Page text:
At the time of this writing, the distillery is capable of producing 22 million proof gallons of rum per year, which isn’t to say it always makes that quantity. Of the rum made, approximately twenty percent goes to company owned brands like Don Q and Palo Viejo. The remaining 80 percent is exported as unaged bulk rum.
Some within the rum industry have portrayed bulk rum
producers and their five column stills as incapable of making high quality rum.
However, with the right equipment and expertise, a distillery can make both
high quality rum as well as light, bulk rum. One does not prevent the other and
it’s a common model for many Caribbean distilleries.
In today’s market, there’s a demand for bulk rum, and it doesn’t make economic sense for large distilleries to limit production to just what they age and sell themselves. There’s a lot of money tied up in human and physical capital, molasses storage, fermenters, control rooms and other items common to both types of rum making. To not capitalize on that is to leave money on the table.
Given Roberto’s passion for environment issues, it’s no surprise that the distillery is on the leading edge of reducing environmental impact. There are three main thrusts: Clean water, energy efficiency, and carbon dioxide emissions.
Distilleries use a phenomenal amount of water for fermentation, distillation, and other uses. Three times more wastewater is created than alcohol produced! The resulting wastewater has many compounds that can harm the environment in sufficient quantity. In the old days, this water might have been dumped into a field or drained into the ocean without extensive treatment. In the modern era, this isn’t acceptable.
Over time, Roberto developed a complex system to process wastewater. I won’t attempt to describe it in full detail here but will instead convey some key points. A graphical version of it can be found on the DonQ site if you want to learn more.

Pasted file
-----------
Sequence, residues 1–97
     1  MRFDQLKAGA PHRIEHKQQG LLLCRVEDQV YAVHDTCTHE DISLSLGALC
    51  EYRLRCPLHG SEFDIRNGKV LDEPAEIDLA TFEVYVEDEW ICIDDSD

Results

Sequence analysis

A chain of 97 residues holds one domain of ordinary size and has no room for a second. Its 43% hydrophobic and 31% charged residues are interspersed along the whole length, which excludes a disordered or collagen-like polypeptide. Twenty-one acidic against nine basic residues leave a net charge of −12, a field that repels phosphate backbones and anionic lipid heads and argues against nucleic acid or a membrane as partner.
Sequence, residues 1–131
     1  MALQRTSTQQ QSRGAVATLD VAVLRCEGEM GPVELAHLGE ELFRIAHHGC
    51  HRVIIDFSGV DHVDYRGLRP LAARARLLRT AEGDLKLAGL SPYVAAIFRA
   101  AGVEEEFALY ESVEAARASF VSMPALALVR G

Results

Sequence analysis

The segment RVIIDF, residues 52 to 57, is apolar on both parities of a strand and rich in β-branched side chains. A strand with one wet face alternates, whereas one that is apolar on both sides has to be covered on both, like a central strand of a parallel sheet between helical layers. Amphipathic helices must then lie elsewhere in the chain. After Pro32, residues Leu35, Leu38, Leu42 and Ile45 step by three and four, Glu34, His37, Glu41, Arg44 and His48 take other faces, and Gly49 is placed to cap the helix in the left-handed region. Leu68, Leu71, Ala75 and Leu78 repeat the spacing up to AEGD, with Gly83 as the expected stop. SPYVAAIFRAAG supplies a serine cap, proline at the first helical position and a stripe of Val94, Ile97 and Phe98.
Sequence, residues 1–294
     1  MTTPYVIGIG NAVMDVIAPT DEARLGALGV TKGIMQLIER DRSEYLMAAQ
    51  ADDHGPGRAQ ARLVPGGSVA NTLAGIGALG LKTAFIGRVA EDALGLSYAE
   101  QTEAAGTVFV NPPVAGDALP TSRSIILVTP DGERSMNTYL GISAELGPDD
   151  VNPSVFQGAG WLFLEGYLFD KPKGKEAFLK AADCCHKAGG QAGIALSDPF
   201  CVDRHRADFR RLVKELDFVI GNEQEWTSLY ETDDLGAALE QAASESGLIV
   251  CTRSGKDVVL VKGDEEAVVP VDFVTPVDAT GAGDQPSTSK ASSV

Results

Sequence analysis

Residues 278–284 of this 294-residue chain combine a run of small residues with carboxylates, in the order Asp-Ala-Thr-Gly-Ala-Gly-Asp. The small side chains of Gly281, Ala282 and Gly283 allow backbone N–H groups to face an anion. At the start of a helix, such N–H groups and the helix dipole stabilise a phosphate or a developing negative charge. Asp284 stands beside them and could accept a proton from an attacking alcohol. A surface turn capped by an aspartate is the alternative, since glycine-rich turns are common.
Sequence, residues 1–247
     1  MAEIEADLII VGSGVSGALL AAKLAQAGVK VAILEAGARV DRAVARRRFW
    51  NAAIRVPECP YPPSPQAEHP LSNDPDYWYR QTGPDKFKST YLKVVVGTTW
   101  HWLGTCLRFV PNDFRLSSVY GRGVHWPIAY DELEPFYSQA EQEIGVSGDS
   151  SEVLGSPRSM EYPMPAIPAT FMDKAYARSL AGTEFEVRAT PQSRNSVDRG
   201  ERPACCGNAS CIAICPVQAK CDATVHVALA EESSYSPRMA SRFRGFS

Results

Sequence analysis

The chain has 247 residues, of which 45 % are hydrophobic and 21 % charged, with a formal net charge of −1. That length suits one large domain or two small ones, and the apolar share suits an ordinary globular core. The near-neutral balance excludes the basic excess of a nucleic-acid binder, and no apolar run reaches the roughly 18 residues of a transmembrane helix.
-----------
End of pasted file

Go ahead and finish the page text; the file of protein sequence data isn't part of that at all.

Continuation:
The system uses both aerobic and anaerobic digestions, which use bacteria to break down compounds into other forms and make them more easily separable from water. The methane gas that results from anerobic digestion can be collected for later use. The company has tested separating some of the solids from the wastewater through centrifuges and is evaluating mixing it with wood chips from shipping palettes to create an industrial compost. After the wastewater treatment, the resulting water is clean enough for irrigation.
Distilleries also use a phenomenal amount of energy to heat water and pump things around. Destilería Serrallés previously consumed around two million gallons of crude oil per year towards that end. However, after collecting the methane generated during wastewater treatment, the distillery uses it as an alternative fuel source. Nowadays, the methane (with additional treatment), may supply about fifty percent of the distillery’s energy, saving around one million gallons of crude oil annually.
Another win on the energy front comes from a rather clever use of solar power. With storage for 100,000 casks, there’s plenty of roof area atop the aging warehouses, making a perfect spot for solar panels. The panels create one megawatt of power for use by the distillery. That’s nice, but not the clever part!
The solar panels also shield the warehouse roof from direct sun, thus reducing the warehouse internal temperature. This reduction in temperature leads to lower evaporative losses from casks, i.e. the angel’s share. Measurements taken with and without the panels showed the angel’s share went down by one percent, e.g. from six percent to five percent annually. The amount of rum “saved” paid for the panels within six months!